Highclere Castle (Photo Credit: Richard Munckton from Windsor, Melbourne, Australia / CC)

In 2010, shortly after my mother died, I discovered a box of old letters and postcards at the back of her wardrobe. To be fair, I knew they were there but until I took them out and read them all, I had no idea what an amazing find they would turn out to be.

The correspondence was mainly addressed to my maternal grandmother and had been sent to her by a close friend called Ethel North. From 1919 to 1933, Ethel was lady's maid to Lady Winifred Burghclere, the sister of the 5th Earl of Carnarvon. It was the 5th Earl who, along with archaeologist Howard Carter, discovered the tomb of Tutankhamun in 1923, dying shortly afterwards from an infected mosquito bite or as some would have it, the curse of Tutankhamun. Those of you who are fans of the popular television series Downton Abbey may already know that the Carnarvons were an important and influential aristocratic family who served as inspiration for the fictional Crawley family. Highclere Castle, where Lady Burghclere and her brother were born, was also used in the filming of the series. 

My Grandmother Elsie Merrall

Ethel's correspondence to my grandmother clearly indicates that she travelled abroad extensively with Lady Burghclere during their time together. There are letters and postcards from Italy, France, Spain, Canada, America and the Holy Land as it was then called. They even visited Egypt and were shown round the tomb of Tutankhamun by Howard Carter himself.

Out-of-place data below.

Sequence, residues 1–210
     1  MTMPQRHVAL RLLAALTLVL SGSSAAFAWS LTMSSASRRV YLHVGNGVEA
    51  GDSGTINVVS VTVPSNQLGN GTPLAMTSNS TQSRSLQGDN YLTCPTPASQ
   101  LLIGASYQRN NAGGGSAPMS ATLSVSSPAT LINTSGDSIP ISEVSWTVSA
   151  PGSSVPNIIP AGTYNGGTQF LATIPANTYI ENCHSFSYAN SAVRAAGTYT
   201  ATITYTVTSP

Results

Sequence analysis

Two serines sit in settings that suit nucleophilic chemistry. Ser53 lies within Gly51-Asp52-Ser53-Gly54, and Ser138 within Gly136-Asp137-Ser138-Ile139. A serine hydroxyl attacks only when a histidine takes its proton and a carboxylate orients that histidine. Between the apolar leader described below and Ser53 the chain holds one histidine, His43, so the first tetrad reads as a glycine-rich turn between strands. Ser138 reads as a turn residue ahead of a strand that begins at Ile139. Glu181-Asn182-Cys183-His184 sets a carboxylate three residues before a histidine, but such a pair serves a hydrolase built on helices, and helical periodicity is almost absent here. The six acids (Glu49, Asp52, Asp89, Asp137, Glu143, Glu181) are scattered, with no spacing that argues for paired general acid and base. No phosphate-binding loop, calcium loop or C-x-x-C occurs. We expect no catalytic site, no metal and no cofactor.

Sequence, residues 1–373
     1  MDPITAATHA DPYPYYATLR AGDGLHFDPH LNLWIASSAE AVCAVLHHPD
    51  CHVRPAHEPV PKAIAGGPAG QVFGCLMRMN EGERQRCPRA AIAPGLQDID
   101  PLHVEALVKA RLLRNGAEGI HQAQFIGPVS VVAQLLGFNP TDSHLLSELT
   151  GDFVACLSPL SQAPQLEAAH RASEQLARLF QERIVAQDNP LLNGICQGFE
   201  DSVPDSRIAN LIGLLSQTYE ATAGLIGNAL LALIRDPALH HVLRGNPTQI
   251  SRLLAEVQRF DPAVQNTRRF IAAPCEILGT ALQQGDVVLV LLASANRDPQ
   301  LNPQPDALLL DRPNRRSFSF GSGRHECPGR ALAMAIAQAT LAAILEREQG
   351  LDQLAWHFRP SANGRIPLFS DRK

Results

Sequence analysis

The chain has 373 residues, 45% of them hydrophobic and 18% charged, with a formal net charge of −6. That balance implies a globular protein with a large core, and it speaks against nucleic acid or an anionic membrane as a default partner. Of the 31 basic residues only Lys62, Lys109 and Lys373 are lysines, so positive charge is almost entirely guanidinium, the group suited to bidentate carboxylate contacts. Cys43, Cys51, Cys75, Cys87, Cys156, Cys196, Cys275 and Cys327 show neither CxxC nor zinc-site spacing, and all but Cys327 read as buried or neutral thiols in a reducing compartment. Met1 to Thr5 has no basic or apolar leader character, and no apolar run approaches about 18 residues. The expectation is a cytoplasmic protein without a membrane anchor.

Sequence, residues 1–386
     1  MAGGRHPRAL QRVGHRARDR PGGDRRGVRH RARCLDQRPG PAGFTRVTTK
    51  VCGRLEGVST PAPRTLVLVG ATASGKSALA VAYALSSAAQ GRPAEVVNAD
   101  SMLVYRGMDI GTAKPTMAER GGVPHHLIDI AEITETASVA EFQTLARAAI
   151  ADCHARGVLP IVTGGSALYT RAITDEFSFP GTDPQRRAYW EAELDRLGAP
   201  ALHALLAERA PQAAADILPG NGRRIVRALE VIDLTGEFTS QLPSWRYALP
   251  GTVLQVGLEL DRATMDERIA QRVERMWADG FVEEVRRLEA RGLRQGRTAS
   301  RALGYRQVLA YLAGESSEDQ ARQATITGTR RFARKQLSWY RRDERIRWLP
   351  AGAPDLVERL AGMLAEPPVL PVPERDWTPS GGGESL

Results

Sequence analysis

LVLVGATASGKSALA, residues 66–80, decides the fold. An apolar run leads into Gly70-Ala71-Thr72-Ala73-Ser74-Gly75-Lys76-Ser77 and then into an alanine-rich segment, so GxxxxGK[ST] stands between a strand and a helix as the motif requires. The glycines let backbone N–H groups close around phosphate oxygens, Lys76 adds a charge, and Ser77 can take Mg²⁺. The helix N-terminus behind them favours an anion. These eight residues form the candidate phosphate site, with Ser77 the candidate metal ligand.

As a freelance journalist and writer, it didn't take me long to realise that the letters needed to be made into a non-fiction book and I decided to call it My Dear Elsie as that is how most of the letters begin. I set up a website to promote the letters and my proposed book, and as a result had considerable interest from the literary world and the media but so far, no book deal. A couple of years ago, I decided that I would have to self-publish it and that is still my intention although it is taking somewhat longer than I thought it would to get the book out there.

Ethel in Upper Egypt 1928

So, while you wait for the book to be available, do take a look at the website, or even just the slideshow below, and hopefully that will whet your appetite for when publication day finally comes.

 https://ladyburghclereandethel.com 

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